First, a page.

But holes started to appear in that story, too. Some of the academic degrees Mr Wright had listed on a profile on LinkedIn, a social network, could not be confirmed. SGI, a maker of supercomputers, denied that it had ever done business with one of his companies, Cloudcroft. And cryptographic keys found in the leaked documents and some of his blog posts, which both could have linked him to Mr Nakamoto, were said to have been backdated or changed recently. After a raid by Australian tax officials on his house in Sydney, many came to believe that the entire story was an elaborate hoax staged by Mr Wright himself. At the time he kept silent, and soon thereafter moved to London, where one of his companies has an office.
So why would Mr Wright now try to out himself? “I’m not seeking publicity, but want to set the record straight,” he explains. “People are assuming [the misinformation against me] is true, because I’m not saying anything. This impacts not just me and my work, but my family, my staff and everything else.” He also wants to “dispel any negative myths and fears about bitcoin and the blockchain,” as he writes in his blog post. He doesn’t want to cash in on his bitcoin fortune, but plans to spend the money on research (and only slowly, as not to push down the bitcoin price), he says. Asked why his alter ego disappeared from view in the first place, he simply says that there was a media storm at the time and he wanted to remove himself from it. He says he called himself “Nakamoto” after a 17th-century Japanese philosopher and merchant, Tominaga Nakamoto, who was highly critical of the normative thought of his time and favoured free trade. (He doesn’t want to say why he picked “Satoshi”: “Some things should remain secret.”)
Having been named as Mr Nakamoto once, unconvincingly, Mr Wright has a steep hill to climb to convince the world that he is indeed bitcoin’s founder. Evaluating his claim involves the application of a multi-step paternity test. First comes the factual evidence: can Mr Wright prove that he is in possession of cryptographic keys that only Mr Nakamoto should have? Second, does he have convincing explanations for the holes in the story which came to light when he was first outed in December? Third, does he possess the technical knowledge which would have enabled him to develop a system as complex and clever as bitcoin? And fourth, to what extent does he fit the image that people have of Mr Nakamoto; in particular, what do those software developers who have collaborated online with the founder of bitcoin think of Mr Wright’s claim?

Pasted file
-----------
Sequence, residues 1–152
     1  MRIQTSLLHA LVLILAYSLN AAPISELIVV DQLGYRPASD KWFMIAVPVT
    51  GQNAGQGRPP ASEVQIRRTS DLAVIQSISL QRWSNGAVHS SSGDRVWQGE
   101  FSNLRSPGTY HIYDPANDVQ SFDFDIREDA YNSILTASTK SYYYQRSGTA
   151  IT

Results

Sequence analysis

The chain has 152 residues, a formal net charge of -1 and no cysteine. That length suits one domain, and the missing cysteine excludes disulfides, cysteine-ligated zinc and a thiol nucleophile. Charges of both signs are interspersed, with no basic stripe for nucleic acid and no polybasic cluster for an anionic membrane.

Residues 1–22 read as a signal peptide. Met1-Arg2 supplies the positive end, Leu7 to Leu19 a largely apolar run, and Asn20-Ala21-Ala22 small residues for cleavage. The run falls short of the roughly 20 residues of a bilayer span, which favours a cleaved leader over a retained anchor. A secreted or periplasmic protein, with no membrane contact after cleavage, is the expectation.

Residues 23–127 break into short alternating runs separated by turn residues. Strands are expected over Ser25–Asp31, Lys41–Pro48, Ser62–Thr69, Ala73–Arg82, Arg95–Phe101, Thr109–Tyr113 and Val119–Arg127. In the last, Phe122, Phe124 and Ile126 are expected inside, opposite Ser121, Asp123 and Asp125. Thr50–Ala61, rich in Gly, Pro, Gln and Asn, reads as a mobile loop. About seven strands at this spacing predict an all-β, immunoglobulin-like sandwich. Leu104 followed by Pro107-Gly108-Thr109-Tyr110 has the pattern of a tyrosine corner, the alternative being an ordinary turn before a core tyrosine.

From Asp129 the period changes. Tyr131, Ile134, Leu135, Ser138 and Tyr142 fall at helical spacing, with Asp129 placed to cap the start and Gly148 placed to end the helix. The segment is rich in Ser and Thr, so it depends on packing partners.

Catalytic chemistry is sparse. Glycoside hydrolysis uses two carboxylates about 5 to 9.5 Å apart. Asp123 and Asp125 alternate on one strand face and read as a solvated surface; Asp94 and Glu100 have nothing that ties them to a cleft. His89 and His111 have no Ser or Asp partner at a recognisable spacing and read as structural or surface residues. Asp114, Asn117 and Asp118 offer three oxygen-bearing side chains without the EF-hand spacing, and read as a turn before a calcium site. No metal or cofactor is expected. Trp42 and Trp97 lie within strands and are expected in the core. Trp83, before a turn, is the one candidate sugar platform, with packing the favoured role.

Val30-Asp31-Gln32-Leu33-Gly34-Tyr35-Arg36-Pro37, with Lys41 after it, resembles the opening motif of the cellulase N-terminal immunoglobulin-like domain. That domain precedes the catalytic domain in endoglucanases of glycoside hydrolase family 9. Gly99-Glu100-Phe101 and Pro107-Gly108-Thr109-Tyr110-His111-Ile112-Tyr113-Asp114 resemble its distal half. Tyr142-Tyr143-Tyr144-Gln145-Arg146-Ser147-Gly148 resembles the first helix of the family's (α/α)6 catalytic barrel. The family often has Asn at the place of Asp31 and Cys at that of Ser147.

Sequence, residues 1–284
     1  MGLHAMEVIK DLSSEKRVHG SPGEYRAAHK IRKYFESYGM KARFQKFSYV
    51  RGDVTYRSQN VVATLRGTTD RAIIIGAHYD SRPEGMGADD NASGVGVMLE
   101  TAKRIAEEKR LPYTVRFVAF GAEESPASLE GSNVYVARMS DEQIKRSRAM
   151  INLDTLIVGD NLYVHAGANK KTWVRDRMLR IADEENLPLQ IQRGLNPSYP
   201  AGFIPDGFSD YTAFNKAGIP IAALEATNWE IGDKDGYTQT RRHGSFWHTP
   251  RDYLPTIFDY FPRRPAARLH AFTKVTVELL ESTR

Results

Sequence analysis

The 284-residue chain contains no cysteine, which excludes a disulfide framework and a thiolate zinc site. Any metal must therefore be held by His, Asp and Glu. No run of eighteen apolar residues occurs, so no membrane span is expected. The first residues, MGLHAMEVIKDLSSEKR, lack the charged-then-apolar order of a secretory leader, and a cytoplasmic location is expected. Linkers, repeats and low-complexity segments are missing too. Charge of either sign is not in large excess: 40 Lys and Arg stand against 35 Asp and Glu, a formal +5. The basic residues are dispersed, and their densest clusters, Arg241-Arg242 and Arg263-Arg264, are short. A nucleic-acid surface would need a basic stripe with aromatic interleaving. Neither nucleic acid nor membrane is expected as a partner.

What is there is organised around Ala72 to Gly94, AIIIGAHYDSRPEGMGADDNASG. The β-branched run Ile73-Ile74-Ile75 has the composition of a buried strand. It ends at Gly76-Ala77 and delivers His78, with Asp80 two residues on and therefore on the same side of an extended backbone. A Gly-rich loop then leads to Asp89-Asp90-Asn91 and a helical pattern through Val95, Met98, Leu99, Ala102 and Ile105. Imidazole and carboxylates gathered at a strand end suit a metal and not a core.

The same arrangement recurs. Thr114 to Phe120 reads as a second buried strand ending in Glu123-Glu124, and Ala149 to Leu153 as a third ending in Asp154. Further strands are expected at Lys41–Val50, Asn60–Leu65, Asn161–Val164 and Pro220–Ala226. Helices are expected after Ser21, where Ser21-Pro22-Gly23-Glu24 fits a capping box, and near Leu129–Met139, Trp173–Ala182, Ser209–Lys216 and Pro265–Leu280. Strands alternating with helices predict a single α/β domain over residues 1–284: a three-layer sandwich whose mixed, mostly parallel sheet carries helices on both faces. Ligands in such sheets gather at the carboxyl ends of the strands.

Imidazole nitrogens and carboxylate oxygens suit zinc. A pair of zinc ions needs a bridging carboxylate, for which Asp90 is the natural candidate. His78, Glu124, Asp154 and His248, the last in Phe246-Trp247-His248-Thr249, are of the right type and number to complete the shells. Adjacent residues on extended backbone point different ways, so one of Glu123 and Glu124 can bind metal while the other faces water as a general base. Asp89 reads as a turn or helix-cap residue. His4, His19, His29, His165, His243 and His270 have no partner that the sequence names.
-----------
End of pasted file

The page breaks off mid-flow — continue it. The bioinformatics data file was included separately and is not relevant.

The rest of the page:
First, the keys. To understand how Mr Wright could cryptographically prove that he is Mr Nakamoto, it helps to keep in mind the basics of public-key cryptography at the heart of encryption schemes such as “PGP” (which stands for “Pretty Good Privacy”). It uses two “keys”—strings of numbers—one public and safe to share, and one to be kept private. Both are mathematically related, meaning that if the holder of the private key “signs” or encrypts a message with this key, it can be decrypted with the corresponding public one. If it can be thus decrypted, that serves to establish the identity of the sender of an encrypted message (assuming, of course, that the private key has not been stolen).
This is the reason why, whenever a message signed by someone pretending to be Mr Nakamoto appears online (the latest, in December, read: “I am not Craig Wright. We are all Satoshi.”), it is dismissed as a hoax: none has been signed by a private PGP key widely considered to belong to Mr Nakamoto. This private key is related to a public key that was linked to from bitcoin.org, a website which was registered in 2008 by him and used to publish his white paper. But the earliest publicly verifiable date of its existence is February 28th 2011, meaning it could have been put there later than 2008 (Mr Nakamoto’s last public posting dates from December 12th 2010). And he has never signed any message with the corresponding private key, perhaps because he never actually had it. “If someone were to successfully sign with the Satoshi PGP key, it would not prove that he is Satoshi,” says Jerry Brito, the executive director of Coin Center, a bitcoin think-tank, and co-author of a recent blog post about the matter.
Mr Wright agrees: he says that he has the private PGP key, but that using it would not prove anything. The cryptographic proof he offers is of a different kind. Bitcoin also uses a different form of public-key cryptography, not least to make sure that only the real owner of bitcoin can spend the currency. The public key—or, to be precise, a digital digest of it, called the “bitcoin address”—is like the number of a bitcoin bank account. And the private key is like a secret PIN or a signature on a cheque that allows the holder to transfer money from the account. The analogy is not a perfect one, however: bitcoin holders can have many different accounts, each linked to a separate address and private key.
Bitcoin addresses can also be linked to “blocks”: those who provide the necessary computing power to create them can win an “reward”, which is sent automatically to a bitcoin address chosen by each block’s creator. Since Mr Nakamoto must, in the very early days of bitcoin, have been the only one to “mine” blocks, as the process is called, he should hold the corresponding private keys. What is more, Mr Nakamoto was also the first to send some bitcoin—using money he earned with the 9th block. The recipient, Hal Finney, confirmed this transaction when he was still alive.